By Tyra Sutak
The cold weather months are quickly approaching—which means the clean-eating, buy local, organic food aficionados of Boulder can kiss the coveted weekly trips to the Farmers’ Market goodbye.
But we live in a very special place, where local chefs, restaurateurs, and farmers are working overtime this time of year to make sure that locally-grown veggies and produce still find their way onto our plates and into our kitchens this fall and winter.
For Chef Bradford Heap, the mastermind behind SALT the Bistro and its sister restaurant, Colterra, sourcing food from local farms year-round embodies his hopefulness for the future of food. His menus change throughout the year to reflect what’s in season. His kitchens are sans freezers to further support his commitment to serving his customers fresh, organic, GMO-free cuisine. He’s invested money and physical labor into local farms in hopes that his efforts today will allow his 10-year old twins to enjoy healthy, tasty food in the future.
It’s about knowing what’s in your food. It’s fully appreciating everything on the animal. It’s about having a larger respect for food and farming. Organic farming isn’t just for hippies anymore.” – Chef Bradford Heap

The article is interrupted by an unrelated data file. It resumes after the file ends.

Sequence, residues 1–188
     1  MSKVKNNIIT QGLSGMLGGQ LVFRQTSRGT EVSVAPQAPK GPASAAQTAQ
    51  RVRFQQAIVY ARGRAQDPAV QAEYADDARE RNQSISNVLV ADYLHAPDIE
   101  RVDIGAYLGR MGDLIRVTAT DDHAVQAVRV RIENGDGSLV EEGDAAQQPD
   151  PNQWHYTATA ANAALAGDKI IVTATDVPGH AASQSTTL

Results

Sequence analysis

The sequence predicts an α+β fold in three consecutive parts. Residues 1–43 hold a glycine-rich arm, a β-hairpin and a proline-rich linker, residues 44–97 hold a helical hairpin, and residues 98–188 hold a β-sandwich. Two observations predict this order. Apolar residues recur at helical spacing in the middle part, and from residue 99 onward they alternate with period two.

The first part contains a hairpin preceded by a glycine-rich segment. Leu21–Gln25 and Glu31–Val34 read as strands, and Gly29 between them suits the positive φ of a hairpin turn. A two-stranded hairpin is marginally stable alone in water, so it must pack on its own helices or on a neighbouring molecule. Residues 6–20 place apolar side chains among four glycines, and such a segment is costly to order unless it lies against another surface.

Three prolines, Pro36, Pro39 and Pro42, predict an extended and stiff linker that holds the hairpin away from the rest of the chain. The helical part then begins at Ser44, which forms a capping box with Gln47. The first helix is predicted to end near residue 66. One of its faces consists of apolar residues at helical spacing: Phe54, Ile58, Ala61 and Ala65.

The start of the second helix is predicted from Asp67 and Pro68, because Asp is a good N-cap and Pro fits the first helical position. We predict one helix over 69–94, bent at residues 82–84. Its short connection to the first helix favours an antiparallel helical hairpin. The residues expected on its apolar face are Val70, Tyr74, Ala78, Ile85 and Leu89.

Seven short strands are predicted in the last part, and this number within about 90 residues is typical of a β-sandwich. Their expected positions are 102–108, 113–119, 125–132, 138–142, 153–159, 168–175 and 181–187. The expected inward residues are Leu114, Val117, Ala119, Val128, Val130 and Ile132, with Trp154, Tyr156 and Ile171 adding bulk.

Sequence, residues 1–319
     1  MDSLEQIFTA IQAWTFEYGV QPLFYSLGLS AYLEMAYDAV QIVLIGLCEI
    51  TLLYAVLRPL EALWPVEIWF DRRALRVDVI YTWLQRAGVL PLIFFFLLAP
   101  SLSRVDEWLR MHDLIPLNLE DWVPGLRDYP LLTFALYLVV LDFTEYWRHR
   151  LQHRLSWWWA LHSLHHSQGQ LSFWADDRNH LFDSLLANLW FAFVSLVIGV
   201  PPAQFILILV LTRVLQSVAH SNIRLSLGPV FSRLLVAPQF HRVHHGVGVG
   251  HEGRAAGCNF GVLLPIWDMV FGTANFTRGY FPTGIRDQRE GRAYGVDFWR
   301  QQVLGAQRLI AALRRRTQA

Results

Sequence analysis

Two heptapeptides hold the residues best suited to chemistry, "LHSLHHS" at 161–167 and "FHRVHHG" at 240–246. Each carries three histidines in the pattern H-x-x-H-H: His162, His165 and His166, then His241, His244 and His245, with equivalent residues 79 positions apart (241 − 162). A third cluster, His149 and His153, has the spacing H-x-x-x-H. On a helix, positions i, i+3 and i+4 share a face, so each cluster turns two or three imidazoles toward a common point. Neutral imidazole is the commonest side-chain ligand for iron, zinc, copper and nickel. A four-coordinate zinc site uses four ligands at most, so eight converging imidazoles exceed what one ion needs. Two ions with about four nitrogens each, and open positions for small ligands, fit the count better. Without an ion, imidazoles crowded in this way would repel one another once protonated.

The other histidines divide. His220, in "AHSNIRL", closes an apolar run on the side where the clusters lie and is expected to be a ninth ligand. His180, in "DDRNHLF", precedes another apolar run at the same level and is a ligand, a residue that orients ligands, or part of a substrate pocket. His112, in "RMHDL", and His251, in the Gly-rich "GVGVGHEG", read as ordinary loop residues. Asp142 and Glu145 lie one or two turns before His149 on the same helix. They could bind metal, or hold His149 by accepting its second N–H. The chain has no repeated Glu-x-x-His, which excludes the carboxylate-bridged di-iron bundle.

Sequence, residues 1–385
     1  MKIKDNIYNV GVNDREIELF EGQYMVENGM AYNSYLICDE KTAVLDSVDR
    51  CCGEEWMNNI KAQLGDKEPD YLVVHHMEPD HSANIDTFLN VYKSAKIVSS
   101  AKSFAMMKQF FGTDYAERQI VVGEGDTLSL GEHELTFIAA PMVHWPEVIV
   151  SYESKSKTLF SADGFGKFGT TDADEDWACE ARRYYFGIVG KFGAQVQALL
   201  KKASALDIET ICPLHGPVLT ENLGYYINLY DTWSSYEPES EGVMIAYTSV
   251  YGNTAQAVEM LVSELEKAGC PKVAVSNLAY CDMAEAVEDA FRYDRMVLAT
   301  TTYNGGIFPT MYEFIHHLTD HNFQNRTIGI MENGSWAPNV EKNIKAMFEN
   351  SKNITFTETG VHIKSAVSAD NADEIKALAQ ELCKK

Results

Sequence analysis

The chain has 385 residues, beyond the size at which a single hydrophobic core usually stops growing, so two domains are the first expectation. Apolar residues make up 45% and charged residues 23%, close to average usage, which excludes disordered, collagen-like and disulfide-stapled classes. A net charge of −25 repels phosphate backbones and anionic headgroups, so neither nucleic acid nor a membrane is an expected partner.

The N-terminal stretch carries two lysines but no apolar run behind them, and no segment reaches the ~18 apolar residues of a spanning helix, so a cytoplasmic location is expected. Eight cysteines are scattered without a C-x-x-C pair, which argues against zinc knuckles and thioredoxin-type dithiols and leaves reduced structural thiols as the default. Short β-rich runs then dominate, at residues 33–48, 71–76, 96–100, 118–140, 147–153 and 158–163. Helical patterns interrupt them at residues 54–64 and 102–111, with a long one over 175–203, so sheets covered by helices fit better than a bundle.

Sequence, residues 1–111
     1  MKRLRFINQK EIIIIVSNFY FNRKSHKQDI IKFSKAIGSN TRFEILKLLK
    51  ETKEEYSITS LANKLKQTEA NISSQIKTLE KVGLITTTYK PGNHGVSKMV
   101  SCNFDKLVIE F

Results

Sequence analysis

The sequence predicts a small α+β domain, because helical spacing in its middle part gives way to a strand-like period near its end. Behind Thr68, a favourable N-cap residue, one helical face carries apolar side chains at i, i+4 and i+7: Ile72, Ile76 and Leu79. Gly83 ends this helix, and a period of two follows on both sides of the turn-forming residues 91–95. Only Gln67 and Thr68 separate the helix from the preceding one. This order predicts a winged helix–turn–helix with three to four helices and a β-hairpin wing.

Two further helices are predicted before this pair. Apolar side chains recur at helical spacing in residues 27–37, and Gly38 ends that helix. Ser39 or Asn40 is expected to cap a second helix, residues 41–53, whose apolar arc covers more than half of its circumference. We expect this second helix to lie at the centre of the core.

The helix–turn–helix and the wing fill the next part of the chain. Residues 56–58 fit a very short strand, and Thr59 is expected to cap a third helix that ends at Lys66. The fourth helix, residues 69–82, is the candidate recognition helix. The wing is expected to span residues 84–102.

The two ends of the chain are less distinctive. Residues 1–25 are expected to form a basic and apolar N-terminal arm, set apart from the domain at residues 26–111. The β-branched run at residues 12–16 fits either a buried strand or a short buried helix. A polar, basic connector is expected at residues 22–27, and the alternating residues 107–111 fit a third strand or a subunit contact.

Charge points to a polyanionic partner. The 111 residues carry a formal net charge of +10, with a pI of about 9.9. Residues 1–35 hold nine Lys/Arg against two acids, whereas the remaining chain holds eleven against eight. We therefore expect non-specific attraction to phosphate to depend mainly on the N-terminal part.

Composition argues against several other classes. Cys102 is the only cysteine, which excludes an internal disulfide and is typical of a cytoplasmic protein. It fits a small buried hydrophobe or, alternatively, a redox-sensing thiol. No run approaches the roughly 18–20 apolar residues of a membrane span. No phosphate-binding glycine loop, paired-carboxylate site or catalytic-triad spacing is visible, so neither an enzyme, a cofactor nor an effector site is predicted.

As the fall harvest season begins, Chef Heap and his team are busy planning and stocking up for the next few months. Working closely with David Asbury of Full Circle Certified Organic Farms—the largest organic vegetable farm in Colorado, the kitchens at SALT and Colterra are filled with chefs pickling, preserving, and curing freshly harvested finds. And it’s not just the farm-to-table movement they’re perfecting. It’s the farm-to-bar movement as well. Local berries end up in simple syrups and fresh herbs create depth to the prohibition era-style cocktails served at the bar. Taste the difference that locally-grown ingredients make at one of Chef Heap’s restaurants, or visit your local farm stand to stock up on your own harvest finds.
Tips from the Local Chefs & Farmers:
- Take stock, store up! Root vegetables, apples, pears, kale, and chard and just a few items in season this time of year. Buy in bulk and store in a cool, dark place for future use.
- Think outside the can. Consider pickling and curing your freshly harvested finds. Pickled watermelon rind and cured meats make a nice addition to a charcuterie board.
- Raspberries and strawberries are still at their peak this time of year. Fresh berries are perfect for preserving into jams and jellies.
- Eating locally is more than just enjoying fresh vegetables and fruit. Locally-made meats and cheese are available all year long.
- Don’t give up on your local farm stand! The folks at Full Circle Farms are serving the public year-round. Check out the hours for their Rocky Mountain Pumpkin Ranch farm store here: http://www.rockymtnpumpkinranch.com/.